How to Market to a Senior Demographic
14 Jun 2021
Latest News

How to Market to a Senior Demographic

In the digital world, while most businesses are targeting mainly the Millennial and Gen Z audiences, it is essential to note that the senior audience or the 'Baby Boomers' are very different from their younger counterparts. The 55-64 and the 65+ age groups have different mentality, interest and behaviour, and it is even a very diverse group. Thus, we cannot generalise them, and as a marketer, we have to take that into consideration.

Before we dive into the details, here are some terms that need more understanding:

  • Generation Z or Gen Z - This demographic group includes people born between 1997 and 2012. They are now aged between 6 and 24.
  • Generation Y or the Millennials - They were born between 1981 and 1996. These are people from the age bracket of 25-40 years old.
  • Generation X or Gen X - These are the babies born between 1965 and 1980 and are currently between 41-56 years old.
  • Baby Boomers - They are people born between 1946 and 1964 and currently at age 57 and above. The term was coined when the Americans in the post World War II era found newfound prosperity, resulting in a baby boom.

Not to be confused with the baby boomers, the term “Senior 4.0” is a market segment that refers to the 45-54, 55-64 and 65+ age groups. This segment has more spending power, a vast income and is constantly searching for resources to live their lives better and longer. From a marketing perspective, this generation is open-minded to receiving messages.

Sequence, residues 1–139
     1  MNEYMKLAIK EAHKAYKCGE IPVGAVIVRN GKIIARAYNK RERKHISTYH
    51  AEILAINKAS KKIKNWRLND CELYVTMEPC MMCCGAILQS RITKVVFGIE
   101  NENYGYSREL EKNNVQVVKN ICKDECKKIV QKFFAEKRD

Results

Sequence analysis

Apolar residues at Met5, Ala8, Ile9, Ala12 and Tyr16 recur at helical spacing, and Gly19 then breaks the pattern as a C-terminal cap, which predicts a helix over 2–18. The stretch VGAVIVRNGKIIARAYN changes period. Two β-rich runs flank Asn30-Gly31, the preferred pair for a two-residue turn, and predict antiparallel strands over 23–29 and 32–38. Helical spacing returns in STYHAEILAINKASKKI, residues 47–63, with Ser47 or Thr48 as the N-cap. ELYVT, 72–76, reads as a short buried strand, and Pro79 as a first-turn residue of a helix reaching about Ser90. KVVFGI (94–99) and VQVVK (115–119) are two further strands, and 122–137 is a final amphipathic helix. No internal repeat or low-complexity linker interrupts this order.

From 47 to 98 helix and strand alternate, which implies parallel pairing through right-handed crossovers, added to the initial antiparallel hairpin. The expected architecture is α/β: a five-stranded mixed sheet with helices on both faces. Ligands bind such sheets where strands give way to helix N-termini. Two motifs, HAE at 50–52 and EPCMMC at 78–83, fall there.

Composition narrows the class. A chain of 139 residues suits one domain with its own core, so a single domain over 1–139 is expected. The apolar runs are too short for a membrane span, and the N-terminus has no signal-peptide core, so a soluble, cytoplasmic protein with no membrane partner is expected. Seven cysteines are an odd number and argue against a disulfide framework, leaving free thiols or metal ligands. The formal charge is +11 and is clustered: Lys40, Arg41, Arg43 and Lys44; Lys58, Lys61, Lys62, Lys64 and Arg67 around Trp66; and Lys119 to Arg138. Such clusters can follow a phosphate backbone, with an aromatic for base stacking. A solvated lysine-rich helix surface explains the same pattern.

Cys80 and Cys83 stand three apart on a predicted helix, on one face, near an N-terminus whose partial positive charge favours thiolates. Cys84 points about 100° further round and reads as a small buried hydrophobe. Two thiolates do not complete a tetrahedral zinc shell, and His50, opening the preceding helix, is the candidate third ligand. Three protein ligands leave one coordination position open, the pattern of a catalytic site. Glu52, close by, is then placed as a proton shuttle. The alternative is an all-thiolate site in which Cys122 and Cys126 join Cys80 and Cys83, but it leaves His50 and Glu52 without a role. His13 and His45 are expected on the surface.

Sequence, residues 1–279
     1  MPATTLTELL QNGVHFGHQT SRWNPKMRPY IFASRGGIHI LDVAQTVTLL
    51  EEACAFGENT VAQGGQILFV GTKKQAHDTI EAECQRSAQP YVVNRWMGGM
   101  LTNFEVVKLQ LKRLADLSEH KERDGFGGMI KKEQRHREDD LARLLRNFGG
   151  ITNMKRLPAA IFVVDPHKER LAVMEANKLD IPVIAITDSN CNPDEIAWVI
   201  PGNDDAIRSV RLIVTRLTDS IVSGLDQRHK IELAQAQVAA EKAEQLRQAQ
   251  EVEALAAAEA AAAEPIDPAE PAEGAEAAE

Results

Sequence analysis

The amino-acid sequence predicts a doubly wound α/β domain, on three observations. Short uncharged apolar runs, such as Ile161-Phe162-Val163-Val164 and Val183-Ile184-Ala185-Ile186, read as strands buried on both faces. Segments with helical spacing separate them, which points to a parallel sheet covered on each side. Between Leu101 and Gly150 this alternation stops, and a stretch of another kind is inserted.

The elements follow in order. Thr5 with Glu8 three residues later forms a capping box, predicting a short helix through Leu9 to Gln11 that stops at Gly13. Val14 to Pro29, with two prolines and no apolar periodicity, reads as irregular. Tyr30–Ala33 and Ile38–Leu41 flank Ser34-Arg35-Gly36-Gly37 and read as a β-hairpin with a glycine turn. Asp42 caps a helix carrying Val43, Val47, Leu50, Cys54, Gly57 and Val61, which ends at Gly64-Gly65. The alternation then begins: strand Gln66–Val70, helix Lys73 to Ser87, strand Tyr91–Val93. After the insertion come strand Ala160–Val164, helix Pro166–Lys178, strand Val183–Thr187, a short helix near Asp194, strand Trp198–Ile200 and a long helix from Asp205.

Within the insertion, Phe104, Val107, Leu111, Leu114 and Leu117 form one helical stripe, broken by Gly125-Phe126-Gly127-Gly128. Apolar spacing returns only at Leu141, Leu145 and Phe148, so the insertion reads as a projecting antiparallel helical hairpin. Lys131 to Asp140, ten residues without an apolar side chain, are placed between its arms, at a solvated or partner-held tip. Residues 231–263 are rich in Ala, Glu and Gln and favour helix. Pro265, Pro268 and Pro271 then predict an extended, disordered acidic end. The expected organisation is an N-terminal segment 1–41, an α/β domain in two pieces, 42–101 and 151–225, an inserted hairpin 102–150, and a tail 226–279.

So, how do we differentiate this segment?

  • Retirees - They are from the bracket of individuals aged 65 and above. These people have stopped working, started living on a fixed income, and value leisure time with family and friends.
  • Early Retirees -These are the people aged 50 and up who set up early retirement. They are financially stable, and they enjoy a lot of free time with their family.
  • Late Retirees - They are older than 65 and retired late as they are still working and thus have different needs and aspirations than retirees.
  • Grandparents and Relatives - This segment does not involve only the grandparents but also their relatives. Mostly, it’s the relative that is being targeted as they have the power to purchase, and they make decisions for their older relatives.

What do we need to know about the more mature consumers?

They know their tech. Never underestimate them when it comes to technology. They may not be a digital native like the Gen Z’s or the Millennials, but they are digitally literate.

  • According to BuzzStream and Fracti, they consume more content than their younger contemporaries. In fact, 25% of them spend more than 20 hours per week consuming online content, making them a good target for digital campaigns.
  • They put a premium on customer service. They value the one-on-one relationship with brands they deal with, expecting this love to be reciprocated. A prompt response to their questions, comments and excellent aftercare service is highly appreciated.
  • They aren’t impulsive buyers, and they are more cautious when buying something online. Marketers should work on convincing this segment by sprucing their campaign with materials that answer how their product or service would help improve or prolong lives.
  • This segment is more interested in travel and leisure like cruises and mobility equipment, health and wellness products, care services, insurance and financial products.